The novel Sălbaticii Copii Dingo (The Wild Dingo Children, Polirom 2021) by Vasile Ernu was awarded the Observator Cultural 2022 prize for the best book in the memoir category. This text is a longer form of the award speech.
My generation – what I call the “wild dingo children,” the last generation of Soviet children – was perhaps the most liberal generation of the East. The writer of our generation, Viktor Pelevin, called it Generation P – for Pepsi. But they soon turned into the “cannibal generation.”
But let’s take it one step at a time: on 10 April 1988, Mikhail Gorbachev proposed limiting and destroying nuclear weapons. To mark this event, a coin was produced, one side of which was the USSR ruble – the other side the US dollar. It was a coin made from destroyed nuclear missiles, made of a very light alloy. It is 2.5 times lighter than silver. “When you hold it in your hand, you get a strange feeling. You expect it to be heavier, but it feels like goose down,” a friend told me.
That’s what our liberalism has been like: part Soviet, part American – it leaves you with the feeling that it’s very heavy, hard to destroy, but it’s like fluff blown by the winds of history. In 30 years, our generation has gone from being the most liberal to perhaps the most conservative – an unbridled revanchism has swept over us. And I’m afraid it’s a much deeper revanchism than an Eastern one. The currency has two faces.
In 1988, we, the children of perestroika, were more liberal than the West, more American than the Americans – we believed so much in their values that we scared even them. We were giving them not only the country of our parents and grandparents, not only our souls – but the future as well. Our future was their future: we offered it with mystical enthusiasm. It all happened after 1989-1991. Only we were the other side of the coin. We were not aware – they don’t know how aware they were of the “great transformation.”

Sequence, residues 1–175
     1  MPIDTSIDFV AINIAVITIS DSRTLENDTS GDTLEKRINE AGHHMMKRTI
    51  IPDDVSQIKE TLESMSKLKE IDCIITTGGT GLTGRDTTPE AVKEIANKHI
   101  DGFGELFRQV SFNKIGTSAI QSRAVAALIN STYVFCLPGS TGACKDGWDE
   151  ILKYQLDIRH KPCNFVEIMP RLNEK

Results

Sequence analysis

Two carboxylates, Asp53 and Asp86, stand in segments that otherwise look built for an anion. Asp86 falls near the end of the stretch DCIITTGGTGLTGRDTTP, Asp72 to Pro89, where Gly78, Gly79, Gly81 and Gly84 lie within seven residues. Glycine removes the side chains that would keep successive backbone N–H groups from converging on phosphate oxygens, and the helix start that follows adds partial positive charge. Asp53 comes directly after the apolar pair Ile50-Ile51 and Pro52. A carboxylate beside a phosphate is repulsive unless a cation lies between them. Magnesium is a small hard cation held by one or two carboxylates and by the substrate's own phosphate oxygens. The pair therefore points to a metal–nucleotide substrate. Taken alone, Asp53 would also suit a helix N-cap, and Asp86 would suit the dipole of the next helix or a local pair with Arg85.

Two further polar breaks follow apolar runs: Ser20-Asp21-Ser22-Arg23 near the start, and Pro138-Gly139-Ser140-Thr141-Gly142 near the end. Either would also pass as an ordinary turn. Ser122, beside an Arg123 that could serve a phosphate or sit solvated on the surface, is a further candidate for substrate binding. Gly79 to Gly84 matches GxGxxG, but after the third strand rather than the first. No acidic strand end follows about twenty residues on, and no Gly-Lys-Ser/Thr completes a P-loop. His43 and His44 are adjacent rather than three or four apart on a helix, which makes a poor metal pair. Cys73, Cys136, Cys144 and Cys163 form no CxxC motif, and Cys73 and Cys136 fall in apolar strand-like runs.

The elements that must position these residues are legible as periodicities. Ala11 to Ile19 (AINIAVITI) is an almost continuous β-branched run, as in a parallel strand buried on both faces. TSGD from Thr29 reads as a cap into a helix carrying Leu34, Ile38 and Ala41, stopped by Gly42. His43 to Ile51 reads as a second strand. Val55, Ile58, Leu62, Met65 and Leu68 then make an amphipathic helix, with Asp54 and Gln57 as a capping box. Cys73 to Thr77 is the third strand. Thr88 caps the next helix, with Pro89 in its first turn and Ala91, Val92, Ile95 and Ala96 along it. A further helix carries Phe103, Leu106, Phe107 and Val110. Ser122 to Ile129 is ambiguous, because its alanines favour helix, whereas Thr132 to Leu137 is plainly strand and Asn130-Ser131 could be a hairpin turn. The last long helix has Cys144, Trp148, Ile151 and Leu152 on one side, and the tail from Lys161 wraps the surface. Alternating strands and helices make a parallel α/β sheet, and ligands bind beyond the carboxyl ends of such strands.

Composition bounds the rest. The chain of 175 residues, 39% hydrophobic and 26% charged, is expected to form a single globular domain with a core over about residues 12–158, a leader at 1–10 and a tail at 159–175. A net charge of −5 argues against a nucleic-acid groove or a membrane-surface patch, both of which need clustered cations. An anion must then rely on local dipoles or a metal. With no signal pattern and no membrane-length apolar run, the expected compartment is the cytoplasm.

The liberal world and the whole of capitalism, which in the 1960s and 1970s seemed to be in crisis, were resuscitated by one of the crucial events of the 20th century – the fall of communism. Which is largely due to us: we, the people of the East, made it, and we destroyed it. And we became a kind of terrible transfusion of energy: from the infusion of market, capital and human resources to the mad enthusiasm that every regime needs. As we used to sing: This tender vampire has received a new barrel of fresh blood. We resuscitated the whole system. And it seemed to work, but something, profoundly, didn’t work. Somewhere, somehow the “chain of love” broke.
Although the new idols – nationalism, orthodoxy and oligarchic capital – even then did, not bode well. And so I end my novel, The Wild Dingo Children (Polirom 2021), with a deep sense of dread that an age of revenge is coming: a strong sense of unease. I recite the Romanian poet Bacovia with this eerie feeling: “I must drink, to forget what no one knows/ It’s time… all my nerves ache…/ O, come at once, great future.”